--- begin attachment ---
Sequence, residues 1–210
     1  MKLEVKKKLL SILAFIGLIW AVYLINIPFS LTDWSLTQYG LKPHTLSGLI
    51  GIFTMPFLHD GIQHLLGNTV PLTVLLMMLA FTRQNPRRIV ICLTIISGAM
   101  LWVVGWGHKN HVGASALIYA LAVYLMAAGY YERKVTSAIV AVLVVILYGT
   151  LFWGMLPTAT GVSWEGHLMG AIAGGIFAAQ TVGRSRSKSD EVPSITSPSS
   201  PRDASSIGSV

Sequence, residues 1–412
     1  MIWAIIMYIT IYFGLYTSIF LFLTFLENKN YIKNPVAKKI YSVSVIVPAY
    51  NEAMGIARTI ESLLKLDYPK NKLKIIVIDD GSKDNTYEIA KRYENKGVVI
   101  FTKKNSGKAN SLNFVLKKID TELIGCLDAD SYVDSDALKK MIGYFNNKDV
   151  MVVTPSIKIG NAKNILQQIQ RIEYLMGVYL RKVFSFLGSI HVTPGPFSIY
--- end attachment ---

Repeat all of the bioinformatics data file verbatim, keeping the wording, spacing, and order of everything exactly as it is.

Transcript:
Sequence, residues 1–210
     1  MKLEVKKKLL SILAFIGLIW AVYLINIPFS LTDWSLTQYG LKPHTLSGLI
    51  GIFTMPFLHD GIQHLLGNTV PLTVLLMMLA FTRQNPRRIV ICLTIISGAM
   101  LWVVGWGHKN HVGASALIYA LAVYLMAAGY YERKVTSAIV AVLVVILYGT
   151  LFWGMLPTAT GVSWEGHLMG AIAGGIFAAQ TVGRSRSKSD EVPSITSPSS
   201  PRDASSIGSV

Sequence, residues 1–412
     1  MIWAIIMYIT IYFGLYTSIF LFLTFLENKN YIKNPVAKKI YSVSVIVPAY
    51  NEAMGIARTI ESLLKLDYPK NKLKIIVIDD GSKDNTYEIA KRYENKGVVI
   101  FTKKNSGKAN SLNFVLKKID TELIGCLDAD SYVDSDALKK MIGYFNNKDV
   151  MVVTPSIKIG NAKNILQQIQ RIEYLMGVYL RKVFSFLGSI HVTPGPFSIY